Eligibility Criteria to Remortgage To Release Equity

To determine whether you are eligible to remortgage to release equity you'll need to consider several factors:


To remortgage, you need to show that you can afford the existing mortgage and any extra borrowing. This means proving your income by providing payslips if you're employed or SA302s if you're self-employed. Income ratios are usually around 5 times your salary for a single application and 3.5 times for joint applications. You can use your annual salary to get an idea of whether you will pass affordability.

Credit score

When remortgaging, it's important to know that lenders will review your credit score and credit history. Having an existing mortgage doesn't guarantee a pass on credit scoring. Lenders will look for any missed payments, county court judgements, or other bad debts that may have occurred since the original mortgage was agreed upon. If you've maintained a healthy financial life, you should not expect any issues with credit scoring.

Property value and loan to value

Lenders usually limit the amount you can borrow through a remortgage to a maximum of 90% of the property's value. To determine the maximum amount you can borrow, you should calculate 90% of your estimated property value and subtract your existing loan amount.


Age itself shouldn’t create any application issues. However, the older you are, the less time you have to repay the mortgage. As many lenders do now lend into retirement, if you can prove you have retirement income, you can still arrange to borrow late into life. However, there is a cap to the age. Most lenders use 75.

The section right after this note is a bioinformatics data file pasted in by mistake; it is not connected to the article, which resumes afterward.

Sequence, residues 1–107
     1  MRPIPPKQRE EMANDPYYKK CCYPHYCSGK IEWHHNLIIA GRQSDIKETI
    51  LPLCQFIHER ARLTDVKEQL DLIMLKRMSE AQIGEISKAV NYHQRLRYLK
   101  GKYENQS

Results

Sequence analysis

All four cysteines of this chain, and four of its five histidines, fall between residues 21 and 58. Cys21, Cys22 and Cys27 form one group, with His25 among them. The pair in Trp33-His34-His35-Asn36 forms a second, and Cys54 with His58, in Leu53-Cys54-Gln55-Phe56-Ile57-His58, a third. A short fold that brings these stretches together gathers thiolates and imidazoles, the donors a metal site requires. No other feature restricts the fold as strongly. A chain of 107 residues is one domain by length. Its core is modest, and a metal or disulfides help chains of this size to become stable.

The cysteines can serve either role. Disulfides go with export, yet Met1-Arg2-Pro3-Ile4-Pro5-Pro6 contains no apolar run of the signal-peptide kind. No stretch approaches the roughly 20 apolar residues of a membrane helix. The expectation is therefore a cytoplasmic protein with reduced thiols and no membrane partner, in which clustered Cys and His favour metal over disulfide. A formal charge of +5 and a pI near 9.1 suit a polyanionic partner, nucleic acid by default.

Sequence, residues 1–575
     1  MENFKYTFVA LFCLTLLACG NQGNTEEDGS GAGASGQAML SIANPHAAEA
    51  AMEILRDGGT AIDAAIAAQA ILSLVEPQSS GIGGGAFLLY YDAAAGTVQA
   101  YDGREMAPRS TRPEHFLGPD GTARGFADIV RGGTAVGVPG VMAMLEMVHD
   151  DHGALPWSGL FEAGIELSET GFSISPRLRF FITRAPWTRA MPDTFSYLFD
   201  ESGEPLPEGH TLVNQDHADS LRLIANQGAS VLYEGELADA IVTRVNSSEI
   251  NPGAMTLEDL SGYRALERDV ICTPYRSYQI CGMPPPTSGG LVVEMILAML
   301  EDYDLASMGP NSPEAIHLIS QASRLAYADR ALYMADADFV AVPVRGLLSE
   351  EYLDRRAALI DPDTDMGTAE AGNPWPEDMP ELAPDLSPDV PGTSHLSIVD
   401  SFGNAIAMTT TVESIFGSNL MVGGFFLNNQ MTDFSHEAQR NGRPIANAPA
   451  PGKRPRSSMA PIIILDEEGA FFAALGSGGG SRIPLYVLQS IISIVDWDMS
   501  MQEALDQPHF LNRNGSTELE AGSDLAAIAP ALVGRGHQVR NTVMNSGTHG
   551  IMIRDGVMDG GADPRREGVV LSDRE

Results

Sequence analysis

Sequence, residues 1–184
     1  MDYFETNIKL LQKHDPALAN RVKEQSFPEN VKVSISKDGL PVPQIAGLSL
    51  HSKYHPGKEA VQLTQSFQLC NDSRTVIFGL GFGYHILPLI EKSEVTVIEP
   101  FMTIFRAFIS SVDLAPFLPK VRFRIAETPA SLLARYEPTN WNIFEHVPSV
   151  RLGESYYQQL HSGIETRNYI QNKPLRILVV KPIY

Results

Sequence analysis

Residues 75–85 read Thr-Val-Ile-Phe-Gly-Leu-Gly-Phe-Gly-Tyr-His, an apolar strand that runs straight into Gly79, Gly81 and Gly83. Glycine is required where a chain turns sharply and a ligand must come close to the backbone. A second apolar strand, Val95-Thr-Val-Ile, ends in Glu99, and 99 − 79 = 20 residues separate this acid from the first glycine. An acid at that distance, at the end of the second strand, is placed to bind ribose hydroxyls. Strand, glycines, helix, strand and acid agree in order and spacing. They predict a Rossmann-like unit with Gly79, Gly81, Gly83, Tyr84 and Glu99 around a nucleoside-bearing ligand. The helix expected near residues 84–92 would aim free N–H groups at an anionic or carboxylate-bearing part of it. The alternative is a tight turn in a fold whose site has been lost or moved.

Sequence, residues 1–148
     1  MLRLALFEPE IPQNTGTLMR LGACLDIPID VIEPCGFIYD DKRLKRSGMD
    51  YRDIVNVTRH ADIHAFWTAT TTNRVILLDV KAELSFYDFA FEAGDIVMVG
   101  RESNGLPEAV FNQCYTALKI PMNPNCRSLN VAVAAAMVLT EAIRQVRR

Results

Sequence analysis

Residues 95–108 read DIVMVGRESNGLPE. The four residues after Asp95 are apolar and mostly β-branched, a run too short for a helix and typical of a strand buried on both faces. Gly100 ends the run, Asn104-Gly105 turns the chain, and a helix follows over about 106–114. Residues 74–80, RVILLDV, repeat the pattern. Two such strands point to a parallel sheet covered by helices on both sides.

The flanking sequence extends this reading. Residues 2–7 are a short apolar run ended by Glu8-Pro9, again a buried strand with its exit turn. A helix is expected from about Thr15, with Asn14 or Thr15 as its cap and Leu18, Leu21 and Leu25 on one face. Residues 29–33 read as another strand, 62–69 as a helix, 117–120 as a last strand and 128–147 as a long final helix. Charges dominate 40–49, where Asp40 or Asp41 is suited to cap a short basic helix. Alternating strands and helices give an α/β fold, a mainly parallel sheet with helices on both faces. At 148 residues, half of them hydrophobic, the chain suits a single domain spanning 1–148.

The closer you are to the maximum age of borrowing, the shorter your mortgage term may need to be. This could result in unaffordable repayments for you. If this is the case, equity release may be a better option for you.

How To Remortgage To Release Equity?

There is a lot to consider when deciding whether to remortgage to release equity. Sunny Avenue always advises visitors to seek advice. Advice is bespoke and invaluable. If you are looking for a Mortgage adviser to help you work through your options, you can review our mortgage adviser directory or use our Sunny Fact Find and we will find the most suitable adviser to help based on your needs.


Stuart is an expert in Property, Money, Banking & Finance, having worked in retail and investment banking for 10+ years before founding Sunny Avenue. Stuart has spent his career studying finance. He holds qualifications in financial studies, mortgage advice & practice, banking operations, dealing & financial markets, derivatives, securities & investments.